Whoa, that ng sound is not easy for me! Especially followed by a funky dipthong. Yeesh.
I don’t hear well, so I got my daughter to listen to the “ng” with me. Neither of us could figure out what sound it made.
I must be getting too sleepy to continue. I wrote "We eat our relatives at the bog." Hope I don't have nightmares.
Nearly mistranslated this one as "I eat our relatives at the wedding"
It looks as though it is. Am I missing something? ("Itheann ár ngaolta ag an bpósadh." Translation: Our relatives eat at the wedding.)
I got this sentence just after getting that dreaded other sentence where they only accept "bainis" even though they haven't taught us that. Raging
I agree with your suggestion, Stacey773203. This was actually my motivation to learn Irish -- so I could sing along with the Irish songs I listen to. I've done this with French and Spanish as well and it's really helped to improve my pronunciation and accent in those languages.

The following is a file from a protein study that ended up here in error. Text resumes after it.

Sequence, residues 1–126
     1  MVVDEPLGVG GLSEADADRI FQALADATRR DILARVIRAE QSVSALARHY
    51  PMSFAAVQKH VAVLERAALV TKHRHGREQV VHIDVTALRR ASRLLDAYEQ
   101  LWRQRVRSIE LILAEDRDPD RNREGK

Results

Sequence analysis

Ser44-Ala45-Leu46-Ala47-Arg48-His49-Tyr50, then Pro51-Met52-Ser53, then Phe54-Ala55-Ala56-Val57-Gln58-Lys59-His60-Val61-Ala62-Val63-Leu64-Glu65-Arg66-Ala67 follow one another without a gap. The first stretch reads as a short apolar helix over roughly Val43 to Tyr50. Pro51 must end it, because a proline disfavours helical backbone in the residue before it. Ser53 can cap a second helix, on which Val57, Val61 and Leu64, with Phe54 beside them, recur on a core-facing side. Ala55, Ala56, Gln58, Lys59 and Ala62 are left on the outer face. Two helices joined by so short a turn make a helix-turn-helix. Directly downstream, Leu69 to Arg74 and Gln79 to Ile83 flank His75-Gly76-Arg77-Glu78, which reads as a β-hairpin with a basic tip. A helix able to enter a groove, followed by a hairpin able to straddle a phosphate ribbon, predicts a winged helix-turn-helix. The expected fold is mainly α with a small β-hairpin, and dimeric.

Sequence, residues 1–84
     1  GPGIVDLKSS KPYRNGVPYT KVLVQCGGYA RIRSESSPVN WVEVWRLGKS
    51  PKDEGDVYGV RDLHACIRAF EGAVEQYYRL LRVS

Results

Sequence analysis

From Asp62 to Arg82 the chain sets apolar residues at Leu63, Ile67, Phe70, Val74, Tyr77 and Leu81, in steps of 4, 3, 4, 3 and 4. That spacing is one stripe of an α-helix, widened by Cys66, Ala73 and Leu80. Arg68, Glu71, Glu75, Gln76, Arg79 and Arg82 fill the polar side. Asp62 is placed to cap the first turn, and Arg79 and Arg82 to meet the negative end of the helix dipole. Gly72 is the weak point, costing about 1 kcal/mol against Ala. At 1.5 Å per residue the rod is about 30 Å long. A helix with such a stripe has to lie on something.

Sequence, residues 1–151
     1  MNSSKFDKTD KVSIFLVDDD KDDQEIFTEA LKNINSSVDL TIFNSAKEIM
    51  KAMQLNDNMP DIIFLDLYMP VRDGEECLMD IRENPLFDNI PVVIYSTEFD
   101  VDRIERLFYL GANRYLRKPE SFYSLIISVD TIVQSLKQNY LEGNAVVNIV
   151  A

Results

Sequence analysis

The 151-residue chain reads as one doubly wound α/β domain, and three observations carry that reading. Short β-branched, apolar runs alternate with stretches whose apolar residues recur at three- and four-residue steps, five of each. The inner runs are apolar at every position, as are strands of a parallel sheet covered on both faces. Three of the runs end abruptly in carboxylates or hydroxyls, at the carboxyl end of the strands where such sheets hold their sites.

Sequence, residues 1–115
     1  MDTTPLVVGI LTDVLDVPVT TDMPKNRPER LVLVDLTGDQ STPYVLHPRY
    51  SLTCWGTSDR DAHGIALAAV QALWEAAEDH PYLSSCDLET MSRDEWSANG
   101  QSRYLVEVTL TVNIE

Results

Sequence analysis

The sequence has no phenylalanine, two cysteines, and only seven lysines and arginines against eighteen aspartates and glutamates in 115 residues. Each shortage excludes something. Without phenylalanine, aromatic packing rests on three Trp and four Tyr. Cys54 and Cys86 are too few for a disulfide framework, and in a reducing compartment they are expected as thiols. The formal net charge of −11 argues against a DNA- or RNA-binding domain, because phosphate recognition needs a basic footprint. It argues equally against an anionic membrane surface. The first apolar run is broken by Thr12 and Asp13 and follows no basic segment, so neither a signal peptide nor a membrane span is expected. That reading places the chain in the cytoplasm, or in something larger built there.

You have translated it correctly but the question is looking for the answer as gaeilge.
Ya, so I used pósadh in the previous one, accepted it was incorrect, but then I get this. I realise there are more than a single word for a situation, but this is just confusing
Don't sweat it. In a few months it will be old hat. Just plug away and practice EVERY DAY so you're always building and having insights into how the language works. If you persist long enough you will learn this language. Many others have done it.. little Irish children speak it fluently. We can do this.